On the last weekend in July, active duty military members, veterans and their spouses from all over the country will converge on Chapel Hill for a startup weekend unlike any other as The University of North Carolina hosts Patriot Boot Camp.

Patriot Boot Camp is a not-for-profit organization sponsored by the national chain of startup accelerators called Techstars, and it’s designed to equip military members and their families with the necessary skills and resources to become successful tech company founders. The program takes place over a three-day weekend and features prominent guest speakers, workshops and intense mentoring sessions. The event in Chapel Hill will be the sixth event the organization has hosted and the first in the Southeast—the inaugural event was held at Georgetown University in Washington D.C. Check out the video above for an overview and history by Techstars CEO David Cohen.
It’s obviously a feel-good story. Everyone loves helping veterans. People want to give back to the people who have sacrificed for our country. But for Matthew Rascoff, vice president of learning technology and innovation for the UNC system, it’s not about seeing vets as charity cases, but as valuable assets to the University and the state. According to Rascoff, UNC has a role to play in supporting military veterans and entrepreneurship. 
“We’ve made huge investments in these people. The question is ‘what are we going to do now?’ he says. “Are we going to let those investments whither or are we going to double down and really help the state succeed and help veterans succeed and make a big impact.” 
Rascoff oversees the system’s 337 online degree programs. He says a big benefit of Patriot Boot Camp is that UNC can showcase its growing and increasingly flexible course offerings. 
“The goal is to demonstrate to the military community how many high-quality, flexible online degree options we have here at the University of North Carolina and to encourage them to check out what we have to offer,” he says. “Historically for-profit universities have marketed very heavily to the military.”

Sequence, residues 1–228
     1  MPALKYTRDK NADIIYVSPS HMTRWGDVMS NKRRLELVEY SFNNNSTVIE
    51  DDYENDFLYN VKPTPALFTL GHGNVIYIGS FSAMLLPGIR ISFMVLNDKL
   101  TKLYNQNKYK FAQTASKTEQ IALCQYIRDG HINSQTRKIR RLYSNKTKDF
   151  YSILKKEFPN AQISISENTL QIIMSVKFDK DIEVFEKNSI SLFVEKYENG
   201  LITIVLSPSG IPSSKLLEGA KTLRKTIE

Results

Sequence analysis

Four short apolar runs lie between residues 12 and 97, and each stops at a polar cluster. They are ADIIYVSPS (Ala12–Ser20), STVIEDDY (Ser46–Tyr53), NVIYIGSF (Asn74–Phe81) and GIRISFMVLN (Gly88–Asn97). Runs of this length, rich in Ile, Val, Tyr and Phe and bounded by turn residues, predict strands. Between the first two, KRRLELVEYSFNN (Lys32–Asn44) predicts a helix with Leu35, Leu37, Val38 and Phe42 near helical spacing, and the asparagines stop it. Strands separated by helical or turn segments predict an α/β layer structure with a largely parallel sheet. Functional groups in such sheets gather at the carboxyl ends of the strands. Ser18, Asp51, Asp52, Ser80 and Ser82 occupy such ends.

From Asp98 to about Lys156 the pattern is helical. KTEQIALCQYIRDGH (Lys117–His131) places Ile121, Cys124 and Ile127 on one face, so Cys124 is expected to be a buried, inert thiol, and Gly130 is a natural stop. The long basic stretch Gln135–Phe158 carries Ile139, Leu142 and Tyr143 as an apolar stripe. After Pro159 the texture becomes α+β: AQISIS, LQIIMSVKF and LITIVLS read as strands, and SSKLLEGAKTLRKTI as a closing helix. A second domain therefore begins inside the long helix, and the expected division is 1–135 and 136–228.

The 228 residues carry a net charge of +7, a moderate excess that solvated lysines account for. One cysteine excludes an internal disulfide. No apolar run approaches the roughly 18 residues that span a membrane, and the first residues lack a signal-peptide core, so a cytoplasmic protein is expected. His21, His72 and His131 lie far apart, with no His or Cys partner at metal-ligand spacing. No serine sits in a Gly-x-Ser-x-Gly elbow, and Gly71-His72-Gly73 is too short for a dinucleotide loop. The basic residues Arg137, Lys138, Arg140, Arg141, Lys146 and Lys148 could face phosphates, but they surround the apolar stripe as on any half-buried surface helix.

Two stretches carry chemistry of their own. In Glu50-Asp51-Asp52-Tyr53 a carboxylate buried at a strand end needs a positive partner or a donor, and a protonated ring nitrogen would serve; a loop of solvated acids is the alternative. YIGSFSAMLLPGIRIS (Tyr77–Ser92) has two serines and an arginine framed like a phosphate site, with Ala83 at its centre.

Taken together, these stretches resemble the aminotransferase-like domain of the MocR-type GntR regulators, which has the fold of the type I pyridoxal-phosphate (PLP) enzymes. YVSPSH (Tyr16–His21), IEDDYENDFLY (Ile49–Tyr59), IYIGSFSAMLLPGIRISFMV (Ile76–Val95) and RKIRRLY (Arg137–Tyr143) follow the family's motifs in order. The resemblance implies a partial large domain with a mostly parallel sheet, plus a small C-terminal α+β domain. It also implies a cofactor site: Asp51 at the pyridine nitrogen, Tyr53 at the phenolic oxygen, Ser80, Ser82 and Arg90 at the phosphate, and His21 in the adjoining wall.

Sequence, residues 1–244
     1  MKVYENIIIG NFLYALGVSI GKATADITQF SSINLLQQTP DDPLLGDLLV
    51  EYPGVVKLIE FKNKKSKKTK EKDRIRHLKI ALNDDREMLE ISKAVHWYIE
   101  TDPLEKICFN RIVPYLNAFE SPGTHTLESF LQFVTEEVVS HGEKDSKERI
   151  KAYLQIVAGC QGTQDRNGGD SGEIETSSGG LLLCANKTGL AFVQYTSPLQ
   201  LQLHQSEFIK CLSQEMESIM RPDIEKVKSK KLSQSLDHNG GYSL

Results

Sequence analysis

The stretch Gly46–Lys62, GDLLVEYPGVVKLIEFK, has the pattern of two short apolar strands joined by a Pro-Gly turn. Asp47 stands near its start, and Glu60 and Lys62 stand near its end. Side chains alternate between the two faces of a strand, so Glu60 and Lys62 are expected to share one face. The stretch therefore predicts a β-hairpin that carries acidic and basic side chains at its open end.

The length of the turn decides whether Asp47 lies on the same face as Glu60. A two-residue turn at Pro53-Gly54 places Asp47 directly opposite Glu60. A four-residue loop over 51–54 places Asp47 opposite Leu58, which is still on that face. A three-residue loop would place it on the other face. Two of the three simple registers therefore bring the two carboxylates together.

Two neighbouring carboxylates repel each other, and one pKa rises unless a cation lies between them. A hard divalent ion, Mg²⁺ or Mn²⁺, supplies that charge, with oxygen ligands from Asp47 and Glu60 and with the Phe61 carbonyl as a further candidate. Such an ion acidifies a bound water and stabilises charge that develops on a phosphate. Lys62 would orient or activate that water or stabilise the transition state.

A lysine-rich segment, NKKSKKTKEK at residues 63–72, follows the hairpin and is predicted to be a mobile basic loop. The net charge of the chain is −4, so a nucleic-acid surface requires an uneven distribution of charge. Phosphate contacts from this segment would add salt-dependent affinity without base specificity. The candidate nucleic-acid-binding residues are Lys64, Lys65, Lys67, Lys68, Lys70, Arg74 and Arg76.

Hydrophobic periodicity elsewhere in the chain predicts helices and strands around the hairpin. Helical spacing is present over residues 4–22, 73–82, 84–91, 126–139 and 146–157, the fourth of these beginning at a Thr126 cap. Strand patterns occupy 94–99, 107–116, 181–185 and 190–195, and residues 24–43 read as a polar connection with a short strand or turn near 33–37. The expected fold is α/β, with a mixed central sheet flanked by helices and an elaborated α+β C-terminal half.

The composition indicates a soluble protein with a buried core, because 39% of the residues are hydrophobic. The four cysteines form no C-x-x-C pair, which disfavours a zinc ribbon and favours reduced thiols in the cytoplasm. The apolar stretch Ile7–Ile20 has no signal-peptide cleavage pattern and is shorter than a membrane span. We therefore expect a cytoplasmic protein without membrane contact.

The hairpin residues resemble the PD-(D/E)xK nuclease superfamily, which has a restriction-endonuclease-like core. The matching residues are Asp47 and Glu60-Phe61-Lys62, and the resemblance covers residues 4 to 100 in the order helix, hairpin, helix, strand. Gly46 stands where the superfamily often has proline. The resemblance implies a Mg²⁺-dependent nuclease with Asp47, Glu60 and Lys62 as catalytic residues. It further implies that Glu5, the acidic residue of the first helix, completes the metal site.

Transformation as entrepreneurs

For past attendees of Patriot Boot Camp sessions, the experience was nothing short of transformative personally and professionally. 
“They call it boot camp, and I thought that that was maybe a bit of a stretch, but it’s totally not,” says Bridget Platt, the wife of a Marine and founder of Daddy’s Deployed
Platt founded her company a couple of years ago after her daughter was born and realized that her husband would be away for much of her early childhood. Platt sought educational materials that would help her daughter understand why her father couldn’t be around. After finding nothing, Platt took it upon herself to create a solution. 
Attending the New York event in 2014, Platt says camp started at 8 a.m. and lasted until 8 or 9 p.m. every night. The sessions were so intense and the information so useful, Platt says she filled an entire 180-page notebook full of notes over the course of the weekend on everything from legal advice to business strategy. 
Platt says she also made valuable connections that are still paying off today. One of those is Anthony Pompliano, a product manager at Facebook and former Army sergeant. A former Raleigh resident, he’ll be at the event in Chapel Hill also.  
While they can speak ad nauseam on the quality of the mentoring they received, perhaps the biggest takeaway for attendees is the intense sense of community that Patriot Boot Camp offered. 
“It’s like you’ve been lost in the woods and all of a sudden here you are. It was so embracing and we had never even met these people before,” says Rebecca Antonino, who founded FieldVine, a mobile project management solution, with her husband Ray. Both attended Patriot Boot Camp in New York in 2014.